If you like True Blood or any kind of supernatural/fantasy, then I’d really recommend this series of books – but if you’re expecting sparkly vampires like Twilight, you’ll be disappointed (or enlightened).
Finally the last book in this 8 book series. I’ve got mixed feelings over it ending, because although I’ve really enjoyed the series and I quite like the main character, I can tell that it’s not Harris’ best writing, and I’d much rather read the Sookie Stackhouse books (again).
This book starts off with Roe’s step-sister-in-law being murdered in her own house. Roe and her other step sister are going over to confront her for not turning up to a meeting of the ‘Uppity Women’ (don’t ask). When they get to her house, they find her on the floor, brutally stabbed. Over the course of the book, we learn that Poppy (and likewise her husband) were not exactly committed in their relationship, carrying on other relationships with many people in the town. Which of course gives us plenty of suspects for her murder, jealous women, and men who think the cat might be let out of the bag.
The plot was brilliant, a very well written murder mystery. Every time I convinced myself that someone was guilty, I turned out to be completely wrong. In the end, the guilty woman (or man) was not someone that I had ever suspected, but completely obvious now that I know.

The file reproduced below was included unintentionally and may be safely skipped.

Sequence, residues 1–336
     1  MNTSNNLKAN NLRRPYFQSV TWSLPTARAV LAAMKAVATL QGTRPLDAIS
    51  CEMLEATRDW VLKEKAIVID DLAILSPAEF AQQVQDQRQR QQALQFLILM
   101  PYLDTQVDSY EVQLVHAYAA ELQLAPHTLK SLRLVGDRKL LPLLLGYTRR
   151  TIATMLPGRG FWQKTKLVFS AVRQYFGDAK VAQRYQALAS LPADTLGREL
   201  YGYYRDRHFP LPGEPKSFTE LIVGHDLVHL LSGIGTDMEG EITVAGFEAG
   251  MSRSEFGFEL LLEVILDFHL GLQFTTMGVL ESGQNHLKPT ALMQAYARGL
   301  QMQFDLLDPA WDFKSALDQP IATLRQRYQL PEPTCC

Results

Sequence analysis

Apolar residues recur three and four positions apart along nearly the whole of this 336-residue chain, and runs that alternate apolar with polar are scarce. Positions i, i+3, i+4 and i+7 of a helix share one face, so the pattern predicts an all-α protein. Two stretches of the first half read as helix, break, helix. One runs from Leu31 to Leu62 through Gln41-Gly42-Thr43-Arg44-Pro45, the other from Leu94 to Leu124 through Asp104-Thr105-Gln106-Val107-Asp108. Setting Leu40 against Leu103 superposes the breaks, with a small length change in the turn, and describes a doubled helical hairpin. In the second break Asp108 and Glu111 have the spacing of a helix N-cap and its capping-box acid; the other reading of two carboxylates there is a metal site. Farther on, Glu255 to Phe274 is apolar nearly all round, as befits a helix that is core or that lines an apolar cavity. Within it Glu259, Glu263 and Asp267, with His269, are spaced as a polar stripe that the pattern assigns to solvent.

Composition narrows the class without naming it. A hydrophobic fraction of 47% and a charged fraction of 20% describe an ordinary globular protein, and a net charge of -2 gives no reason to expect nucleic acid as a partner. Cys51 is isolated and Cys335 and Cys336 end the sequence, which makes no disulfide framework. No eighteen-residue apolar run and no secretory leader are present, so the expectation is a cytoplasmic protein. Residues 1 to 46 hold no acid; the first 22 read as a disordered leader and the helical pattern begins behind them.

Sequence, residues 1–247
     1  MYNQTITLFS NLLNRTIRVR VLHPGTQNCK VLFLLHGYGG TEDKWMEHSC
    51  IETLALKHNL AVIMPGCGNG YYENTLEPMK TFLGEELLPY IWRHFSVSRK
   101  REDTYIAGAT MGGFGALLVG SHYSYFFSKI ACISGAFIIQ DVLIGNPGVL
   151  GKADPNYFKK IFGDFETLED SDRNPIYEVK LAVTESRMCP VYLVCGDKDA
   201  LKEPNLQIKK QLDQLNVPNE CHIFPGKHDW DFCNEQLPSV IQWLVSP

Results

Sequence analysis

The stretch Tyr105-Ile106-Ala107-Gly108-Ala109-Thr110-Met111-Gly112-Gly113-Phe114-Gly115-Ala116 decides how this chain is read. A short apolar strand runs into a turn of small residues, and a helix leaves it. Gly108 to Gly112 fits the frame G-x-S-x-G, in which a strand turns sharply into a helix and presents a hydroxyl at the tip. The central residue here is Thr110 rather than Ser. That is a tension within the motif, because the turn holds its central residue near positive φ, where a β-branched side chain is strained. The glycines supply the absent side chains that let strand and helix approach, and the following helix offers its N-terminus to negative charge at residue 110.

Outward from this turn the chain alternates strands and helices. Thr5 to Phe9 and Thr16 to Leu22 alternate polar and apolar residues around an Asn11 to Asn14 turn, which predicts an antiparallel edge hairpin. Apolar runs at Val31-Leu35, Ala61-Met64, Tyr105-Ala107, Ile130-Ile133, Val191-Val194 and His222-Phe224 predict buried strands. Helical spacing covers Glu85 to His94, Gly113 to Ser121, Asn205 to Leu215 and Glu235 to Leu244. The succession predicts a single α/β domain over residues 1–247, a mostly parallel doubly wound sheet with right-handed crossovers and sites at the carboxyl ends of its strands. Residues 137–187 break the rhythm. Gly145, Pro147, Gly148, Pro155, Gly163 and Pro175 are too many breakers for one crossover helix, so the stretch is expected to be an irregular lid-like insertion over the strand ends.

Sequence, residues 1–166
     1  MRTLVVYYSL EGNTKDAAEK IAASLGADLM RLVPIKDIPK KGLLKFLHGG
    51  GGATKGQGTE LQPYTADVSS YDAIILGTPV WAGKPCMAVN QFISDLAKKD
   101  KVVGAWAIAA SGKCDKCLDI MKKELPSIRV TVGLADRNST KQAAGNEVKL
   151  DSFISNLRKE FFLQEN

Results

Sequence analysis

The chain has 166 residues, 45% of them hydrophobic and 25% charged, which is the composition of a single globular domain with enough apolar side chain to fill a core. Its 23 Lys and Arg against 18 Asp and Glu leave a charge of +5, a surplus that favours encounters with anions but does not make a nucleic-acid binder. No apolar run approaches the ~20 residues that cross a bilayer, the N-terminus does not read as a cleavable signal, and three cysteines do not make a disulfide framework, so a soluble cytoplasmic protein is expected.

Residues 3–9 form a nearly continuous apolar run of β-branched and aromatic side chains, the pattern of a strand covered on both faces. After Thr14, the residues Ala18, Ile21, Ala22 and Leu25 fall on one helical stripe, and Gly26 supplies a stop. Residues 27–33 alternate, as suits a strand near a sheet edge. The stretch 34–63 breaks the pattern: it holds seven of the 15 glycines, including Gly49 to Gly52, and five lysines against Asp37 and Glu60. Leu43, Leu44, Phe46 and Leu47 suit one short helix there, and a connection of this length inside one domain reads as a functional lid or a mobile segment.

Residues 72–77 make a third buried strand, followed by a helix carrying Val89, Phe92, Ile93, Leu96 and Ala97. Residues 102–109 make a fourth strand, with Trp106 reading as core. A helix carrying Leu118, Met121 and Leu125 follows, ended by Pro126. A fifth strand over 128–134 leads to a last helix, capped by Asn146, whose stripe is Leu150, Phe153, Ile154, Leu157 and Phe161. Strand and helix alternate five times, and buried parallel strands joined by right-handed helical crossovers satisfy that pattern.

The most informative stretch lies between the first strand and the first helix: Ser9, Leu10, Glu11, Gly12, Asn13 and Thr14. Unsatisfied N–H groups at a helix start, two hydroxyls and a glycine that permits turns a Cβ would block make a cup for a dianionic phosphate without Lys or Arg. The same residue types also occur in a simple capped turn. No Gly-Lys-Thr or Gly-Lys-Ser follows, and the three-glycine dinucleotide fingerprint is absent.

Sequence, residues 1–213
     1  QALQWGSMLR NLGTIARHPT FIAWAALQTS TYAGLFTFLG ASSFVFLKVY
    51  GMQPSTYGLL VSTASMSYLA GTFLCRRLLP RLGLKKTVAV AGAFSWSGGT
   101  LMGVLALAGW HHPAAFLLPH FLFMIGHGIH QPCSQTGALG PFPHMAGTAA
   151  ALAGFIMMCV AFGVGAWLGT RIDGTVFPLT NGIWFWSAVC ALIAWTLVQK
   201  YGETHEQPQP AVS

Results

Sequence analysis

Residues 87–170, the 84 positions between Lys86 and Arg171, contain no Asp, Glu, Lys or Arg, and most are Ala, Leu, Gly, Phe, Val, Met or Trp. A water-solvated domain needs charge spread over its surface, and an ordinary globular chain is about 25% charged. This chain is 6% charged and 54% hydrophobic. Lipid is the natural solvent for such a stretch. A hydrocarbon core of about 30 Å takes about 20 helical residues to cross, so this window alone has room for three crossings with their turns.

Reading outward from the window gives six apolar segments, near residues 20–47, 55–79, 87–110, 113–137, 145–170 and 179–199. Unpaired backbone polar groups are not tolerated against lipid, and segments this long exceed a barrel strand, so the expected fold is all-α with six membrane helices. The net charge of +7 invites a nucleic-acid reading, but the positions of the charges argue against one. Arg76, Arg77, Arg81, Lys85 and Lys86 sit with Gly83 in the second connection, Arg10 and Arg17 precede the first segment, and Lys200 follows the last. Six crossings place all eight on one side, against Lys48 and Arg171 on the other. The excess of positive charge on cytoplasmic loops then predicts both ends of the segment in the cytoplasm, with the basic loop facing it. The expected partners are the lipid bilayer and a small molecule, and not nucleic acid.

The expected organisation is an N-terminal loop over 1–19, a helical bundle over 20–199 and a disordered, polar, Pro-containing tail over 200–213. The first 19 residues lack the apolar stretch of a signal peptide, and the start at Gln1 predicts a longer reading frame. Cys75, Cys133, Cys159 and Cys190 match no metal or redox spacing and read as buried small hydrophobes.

There were a few things that I didn’t like about this book, mainly the fact that Roe discovers that she is pregnant. Harris made a big point through the last 3 books to bring up the fact that Roe can’t have children every few chapters, so the fact that Roe is pregnant seems to be an attempt to end the series on a ‘happy ever after’ note. Although it was pretty nice, it just seemed quite odd, a little like it was tacked on as an afterthought.
But apart from the few niggles that I had with the book, it was a very good end to a series that for me was a bit up and down. Not the best series I’ve ever read but one that kept me wanting to read until I’d finished.